Livestock dealer sues stockyards

Sep 14, 2012
by WLJ

The Oklahoma National Stock Yards (ONSY) says a livestock dealer’s allegations that it is engaging in price manipulation are false.

The stockyards released a statement last week in response to claims in a federal lawsuit filed by Parker Livestock of Thomas. The lawsuit claims that the stockyard employees are violating the 1921 federal Packers and Stockyards Act.

Parker Livestock owner John Parker claims he was banned from the stockyard’s auctions after pointing out certain violations he believed were occurring. But according to the stockyards, Parker was banned for repeated inappropriate, disruptive behavior, and his allegations are false.

The lawsuit states that from June 2009 through March 2012, Parker purchased about 10 percent of the cattle sold at the stockyards’ Monday auctions.

“Due to the large number of and wide variety of cattle that Parker purchases, excluding Parker from the Monday auction at ONSY depresses the prices paid at the auction for all types of cattle sold at the Oklahoma City stockyards,” the law suit alleges.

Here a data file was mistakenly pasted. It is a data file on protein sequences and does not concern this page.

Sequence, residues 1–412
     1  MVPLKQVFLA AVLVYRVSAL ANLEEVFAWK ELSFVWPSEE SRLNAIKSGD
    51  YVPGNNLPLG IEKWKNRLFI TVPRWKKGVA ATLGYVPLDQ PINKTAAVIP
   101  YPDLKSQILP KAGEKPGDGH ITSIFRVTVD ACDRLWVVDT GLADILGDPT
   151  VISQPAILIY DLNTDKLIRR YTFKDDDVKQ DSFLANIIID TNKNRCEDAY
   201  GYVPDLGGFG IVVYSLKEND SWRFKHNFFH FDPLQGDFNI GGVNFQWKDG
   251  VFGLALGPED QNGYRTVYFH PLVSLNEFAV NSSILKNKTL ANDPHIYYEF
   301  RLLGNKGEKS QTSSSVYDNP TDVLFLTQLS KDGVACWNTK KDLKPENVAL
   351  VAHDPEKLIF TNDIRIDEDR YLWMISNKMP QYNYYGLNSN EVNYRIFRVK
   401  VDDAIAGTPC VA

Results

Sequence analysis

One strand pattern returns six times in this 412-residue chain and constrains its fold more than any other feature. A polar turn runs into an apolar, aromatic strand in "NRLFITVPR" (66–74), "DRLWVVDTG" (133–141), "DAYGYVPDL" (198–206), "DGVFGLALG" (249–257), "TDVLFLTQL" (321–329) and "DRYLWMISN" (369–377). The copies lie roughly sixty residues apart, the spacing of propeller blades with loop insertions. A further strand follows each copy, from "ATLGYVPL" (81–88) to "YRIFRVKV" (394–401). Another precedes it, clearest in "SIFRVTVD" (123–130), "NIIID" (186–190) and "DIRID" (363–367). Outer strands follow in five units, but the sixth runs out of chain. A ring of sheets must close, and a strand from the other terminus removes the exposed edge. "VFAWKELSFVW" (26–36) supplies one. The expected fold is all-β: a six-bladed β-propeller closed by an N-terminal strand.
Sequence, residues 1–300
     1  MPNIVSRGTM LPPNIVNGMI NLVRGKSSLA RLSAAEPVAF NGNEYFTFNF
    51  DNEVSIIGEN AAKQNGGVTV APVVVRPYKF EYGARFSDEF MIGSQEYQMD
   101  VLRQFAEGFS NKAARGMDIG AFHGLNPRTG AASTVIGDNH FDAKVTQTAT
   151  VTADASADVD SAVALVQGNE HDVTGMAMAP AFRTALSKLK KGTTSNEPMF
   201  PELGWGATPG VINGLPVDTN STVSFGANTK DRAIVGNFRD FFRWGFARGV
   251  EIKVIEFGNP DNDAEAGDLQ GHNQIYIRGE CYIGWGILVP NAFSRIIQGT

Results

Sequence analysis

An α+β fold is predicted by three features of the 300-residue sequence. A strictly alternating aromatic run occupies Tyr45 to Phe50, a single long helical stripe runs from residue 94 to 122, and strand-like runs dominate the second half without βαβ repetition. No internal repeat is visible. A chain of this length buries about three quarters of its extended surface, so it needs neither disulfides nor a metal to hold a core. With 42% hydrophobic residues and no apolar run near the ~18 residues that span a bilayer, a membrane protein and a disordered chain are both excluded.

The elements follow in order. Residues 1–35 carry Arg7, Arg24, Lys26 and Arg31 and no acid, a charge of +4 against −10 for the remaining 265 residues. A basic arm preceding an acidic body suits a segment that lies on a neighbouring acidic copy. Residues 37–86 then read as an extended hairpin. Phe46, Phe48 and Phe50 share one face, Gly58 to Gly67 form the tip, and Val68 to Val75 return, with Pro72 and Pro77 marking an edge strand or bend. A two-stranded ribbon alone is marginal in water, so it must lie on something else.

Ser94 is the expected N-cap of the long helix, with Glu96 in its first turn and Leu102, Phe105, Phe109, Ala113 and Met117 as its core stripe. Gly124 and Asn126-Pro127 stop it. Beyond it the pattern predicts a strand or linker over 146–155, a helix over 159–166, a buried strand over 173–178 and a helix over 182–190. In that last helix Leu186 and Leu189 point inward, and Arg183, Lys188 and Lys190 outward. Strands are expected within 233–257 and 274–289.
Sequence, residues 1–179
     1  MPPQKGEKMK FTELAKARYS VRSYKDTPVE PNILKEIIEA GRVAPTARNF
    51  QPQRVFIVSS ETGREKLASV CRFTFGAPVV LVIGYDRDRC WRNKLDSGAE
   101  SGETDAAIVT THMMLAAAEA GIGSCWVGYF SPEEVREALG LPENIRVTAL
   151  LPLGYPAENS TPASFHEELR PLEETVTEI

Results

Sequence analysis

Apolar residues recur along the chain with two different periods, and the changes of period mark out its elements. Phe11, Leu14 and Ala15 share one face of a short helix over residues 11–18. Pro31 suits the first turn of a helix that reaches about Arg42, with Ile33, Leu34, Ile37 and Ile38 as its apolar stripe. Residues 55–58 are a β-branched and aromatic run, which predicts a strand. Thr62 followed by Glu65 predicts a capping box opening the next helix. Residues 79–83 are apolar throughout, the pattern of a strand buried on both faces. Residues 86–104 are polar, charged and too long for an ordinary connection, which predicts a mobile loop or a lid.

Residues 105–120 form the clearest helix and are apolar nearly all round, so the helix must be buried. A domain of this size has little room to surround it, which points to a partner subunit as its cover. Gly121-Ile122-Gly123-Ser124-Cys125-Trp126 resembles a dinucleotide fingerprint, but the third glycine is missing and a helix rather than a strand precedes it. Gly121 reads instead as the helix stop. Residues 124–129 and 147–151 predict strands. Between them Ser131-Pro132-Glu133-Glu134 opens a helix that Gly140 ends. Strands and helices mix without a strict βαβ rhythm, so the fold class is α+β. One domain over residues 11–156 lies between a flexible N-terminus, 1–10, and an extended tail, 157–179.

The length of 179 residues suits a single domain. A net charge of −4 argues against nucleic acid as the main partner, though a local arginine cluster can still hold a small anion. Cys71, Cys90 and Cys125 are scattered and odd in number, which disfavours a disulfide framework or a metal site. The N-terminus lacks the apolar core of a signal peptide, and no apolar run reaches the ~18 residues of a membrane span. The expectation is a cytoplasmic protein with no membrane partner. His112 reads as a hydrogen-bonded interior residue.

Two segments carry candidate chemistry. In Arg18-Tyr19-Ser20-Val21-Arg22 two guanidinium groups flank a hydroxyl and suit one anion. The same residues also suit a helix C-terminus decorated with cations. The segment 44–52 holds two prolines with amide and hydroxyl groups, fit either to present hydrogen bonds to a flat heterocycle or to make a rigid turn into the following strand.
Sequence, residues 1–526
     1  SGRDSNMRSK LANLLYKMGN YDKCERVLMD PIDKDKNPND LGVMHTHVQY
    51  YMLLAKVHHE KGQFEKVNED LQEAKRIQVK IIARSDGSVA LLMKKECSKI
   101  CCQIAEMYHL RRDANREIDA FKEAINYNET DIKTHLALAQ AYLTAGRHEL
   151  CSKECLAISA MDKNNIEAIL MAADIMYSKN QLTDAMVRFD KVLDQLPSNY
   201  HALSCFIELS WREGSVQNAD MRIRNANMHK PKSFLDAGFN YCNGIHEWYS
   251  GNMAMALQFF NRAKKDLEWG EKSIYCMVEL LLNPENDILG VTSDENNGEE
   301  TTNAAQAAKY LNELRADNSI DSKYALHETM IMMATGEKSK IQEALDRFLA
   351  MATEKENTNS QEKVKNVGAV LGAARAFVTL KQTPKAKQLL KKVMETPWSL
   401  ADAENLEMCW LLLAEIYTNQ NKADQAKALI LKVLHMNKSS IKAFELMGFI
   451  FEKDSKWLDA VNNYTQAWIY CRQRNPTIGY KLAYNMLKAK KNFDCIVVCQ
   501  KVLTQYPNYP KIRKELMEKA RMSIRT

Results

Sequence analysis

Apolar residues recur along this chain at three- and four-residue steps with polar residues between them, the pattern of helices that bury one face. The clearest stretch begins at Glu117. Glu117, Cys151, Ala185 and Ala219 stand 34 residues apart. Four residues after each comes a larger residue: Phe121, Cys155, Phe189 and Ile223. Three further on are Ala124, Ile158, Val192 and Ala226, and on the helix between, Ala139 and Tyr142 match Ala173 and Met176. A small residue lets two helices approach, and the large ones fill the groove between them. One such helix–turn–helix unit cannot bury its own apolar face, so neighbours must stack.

It also alleges the actions affect the entire U.S. cattle market.

“All stocker and feeder cattle purchases and sales in the United States are impacted by the Monday auction in Oklahoma City because it is the first auction of the week and one of the largest,” according to the lawsuit.

The lawsuit also alleges that one or more of the lawsuit’s eight defendants have misrepresented facts to USDA employees investigating Parker’s exclusion from the auctions. — WLJ